Thankfully for fans of the independent music scene, these releases show no signs of stopping; the group are planning to release another album through Reckless Yes towards the end of 2022. The follow up to their self-titled release is set to see the group explore different influences from the world of indie and grunge. “I think it’s the best one we’ve done. It’s definitely a follow up to the last one, but it has some longer songs, for us, it’s quite a long album compared to the others – it’s only about 35 minutes but that’s long for us” said Jay of the new record, “We worked on it through most of lockdown and post-lockdown, recorded all of it in 2021”. The pair assured me, though, that the album will not lose the trademark Nervous Twitch sound that the group has become known for – characterised by influences of 60s pop, garage, surf rock and good old fashioned rock n roll. Asked about their 1960s influences, the pair explained, “We’ve always been into bands like The Beatles, Shangri-Las, The Kinks, The Ronettes, but now we’re quite into 80s bands that were influenced by that sort of sound: TV Personalities, Jesus and Mary Chain…we’re just drawing inspiration from the same places. I think ultimately we’re quite inspired by crafting a good pop song and the 60s is the ultimate era when that kind of thing happened”. You can certainly hear these influences within the Nervous Twitch discography, but the group manage to inject their own unique take on proceedings, leading to a very distinguishable and original sound.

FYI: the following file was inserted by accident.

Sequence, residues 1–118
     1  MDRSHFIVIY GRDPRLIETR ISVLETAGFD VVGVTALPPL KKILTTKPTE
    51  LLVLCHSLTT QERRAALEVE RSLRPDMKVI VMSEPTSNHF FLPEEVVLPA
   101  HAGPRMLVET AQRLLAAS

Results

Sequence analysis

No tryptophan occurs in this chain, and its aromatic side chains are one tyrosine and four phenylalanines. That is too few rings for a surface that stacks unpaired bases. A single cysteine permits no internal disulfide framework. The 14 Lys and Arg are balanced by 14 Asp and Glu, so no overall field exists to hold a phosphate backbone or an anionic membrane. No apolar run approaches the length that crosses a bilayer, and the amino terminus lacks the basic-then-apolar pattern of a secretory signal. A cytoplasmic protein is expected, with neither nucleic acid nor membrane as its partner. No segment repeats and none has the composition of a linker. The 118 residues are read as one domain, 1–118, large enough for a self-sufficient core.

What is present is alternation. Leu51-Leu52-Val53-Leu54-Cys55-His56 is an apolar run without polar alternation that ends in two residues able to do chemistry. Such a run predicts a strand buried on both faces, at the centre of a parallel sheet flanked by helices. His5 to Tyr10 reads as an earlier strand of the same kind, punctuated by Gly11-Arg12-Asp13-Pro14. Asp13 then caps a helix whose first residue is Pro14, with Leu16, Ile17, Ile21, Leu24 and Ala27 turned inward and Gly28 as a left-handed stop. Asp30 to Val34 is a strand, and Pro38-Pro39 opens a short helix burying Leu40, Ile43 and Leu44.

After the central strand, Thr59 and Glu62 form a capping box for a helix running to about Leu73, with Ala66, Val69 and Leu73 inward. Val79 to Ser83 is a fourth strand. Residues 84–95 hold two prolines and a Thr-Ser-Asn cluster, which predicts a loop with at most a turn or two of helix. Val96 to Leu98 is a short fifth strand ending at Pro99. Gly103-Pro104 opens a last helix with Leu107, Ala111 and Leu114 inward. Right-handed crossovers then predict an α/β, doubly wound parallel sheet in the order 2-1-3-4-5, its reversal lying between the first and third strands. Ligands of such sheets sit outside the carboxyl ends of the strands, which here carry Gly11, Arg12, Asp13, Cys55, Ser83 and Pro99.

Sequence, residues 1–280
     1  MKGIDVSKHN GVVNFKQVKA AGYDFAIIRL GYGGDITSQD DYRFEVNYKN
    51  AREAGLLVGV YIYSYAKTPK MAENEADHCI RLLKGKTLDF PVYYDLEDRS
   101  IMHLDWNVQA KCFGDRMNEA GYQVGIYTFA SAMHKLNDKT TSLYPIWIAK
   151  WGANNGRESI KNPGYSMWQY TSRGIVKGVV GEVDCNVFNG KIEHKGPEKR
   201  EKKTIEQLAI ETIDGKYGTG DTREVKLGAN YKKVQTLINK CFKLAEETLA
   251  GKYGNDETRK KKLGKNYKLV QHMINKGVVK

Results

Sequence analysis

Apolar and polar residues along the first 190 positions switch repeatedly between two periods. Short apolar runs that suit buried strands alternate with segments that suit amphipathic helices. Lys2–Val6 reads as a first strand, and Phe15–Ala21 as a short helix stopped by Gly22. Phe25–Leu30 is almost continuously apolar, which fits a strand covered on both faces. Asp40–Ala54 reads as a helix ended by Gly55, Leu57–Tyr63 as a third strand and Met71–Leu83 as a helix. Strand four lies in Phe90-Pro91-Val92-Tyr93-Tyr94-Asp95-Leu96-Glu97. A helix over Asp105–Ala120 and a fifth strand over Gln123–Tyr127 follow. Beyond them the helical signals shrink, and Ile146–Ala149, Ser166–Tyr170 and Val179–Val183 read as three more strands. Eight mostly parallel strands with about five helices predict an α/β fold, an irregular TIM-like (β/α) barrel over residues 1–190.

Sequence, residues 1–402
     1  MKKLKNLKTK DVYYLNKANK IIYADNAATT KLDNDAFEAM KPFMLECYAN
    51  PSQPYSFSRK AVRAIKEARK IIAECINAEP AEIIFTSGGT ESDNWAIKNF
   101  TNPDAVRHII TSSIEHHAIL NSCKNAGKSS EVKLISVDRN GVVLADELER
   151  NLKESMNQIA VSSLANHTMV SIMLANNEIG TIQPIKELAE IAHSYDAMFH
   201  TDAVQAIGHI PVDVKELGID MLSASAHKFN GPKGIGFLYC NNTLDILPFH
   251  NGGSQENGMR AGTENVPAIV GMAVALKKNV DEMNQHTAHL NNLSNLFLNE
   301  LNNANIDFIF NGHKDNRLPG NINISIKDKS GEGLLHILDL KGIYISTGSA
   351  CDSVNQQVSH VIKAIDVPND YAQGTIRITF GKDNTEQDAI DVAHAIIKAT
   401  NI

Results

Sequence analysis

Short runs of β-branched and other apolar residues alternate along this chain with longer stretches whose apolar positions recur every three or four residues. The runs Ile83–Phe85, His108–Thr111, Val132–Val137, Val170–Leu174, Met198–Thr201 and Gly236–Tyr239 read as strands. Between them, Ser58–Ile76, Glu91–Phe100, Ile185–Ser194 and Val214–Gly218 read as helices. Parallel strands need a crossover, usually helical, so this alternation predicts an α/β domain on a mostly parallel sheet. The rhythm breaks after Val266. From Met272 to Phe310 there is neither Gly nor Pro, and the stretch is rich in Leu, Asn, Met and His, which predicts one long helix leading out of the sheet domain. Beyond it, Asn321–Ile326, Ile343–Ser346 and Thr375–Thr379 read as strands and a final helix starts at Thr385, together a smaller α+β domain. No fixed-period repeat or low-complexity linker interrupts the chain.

On the topic of influences, it was recently announced that the band will be supporting old school punk legends The Rezillos at Brudenell Social Club on the 2nd of September, a dream come true for Erin: “They are my teen heroes, so I was really chuffed. They’re brilliant. They’re like a punk band but they’ve got a really rockabilly, rock n roll sound but they sound original still” (I suppose you wouldn’t be far off if you described Nervous Twitch in the same way). Alongside supporting The Rezillos, the band are also putting on an all-dayer, Part-Time Punks, at beloved Leeds venue Wharf Chambers on the 30th April, featuring All Ashore!, The Anderson Tapes, Crumbs, Diablo Furs, The Dirt, Duck, and The Red Stains. The band spoke of the importance of not being tied to one genre, “It’s good to play with different types of bands – like indie bands, punk bands – it’s nice because you have different audiences. It’s nice that we span across scenes rather than just sticking to one”, which is an attitude reflected in the line-up for this mini-festival.
With numerous great gigs planed, alongside a new album on the horizon, Nervous Twitch seem to be going from strength to strength. It’s unclear where this journey will take the band, but if the music is anything to go by, then it is sure to be a joyous mix of 60s-influenced pop, catchy punk riffs and a great deal of dancing!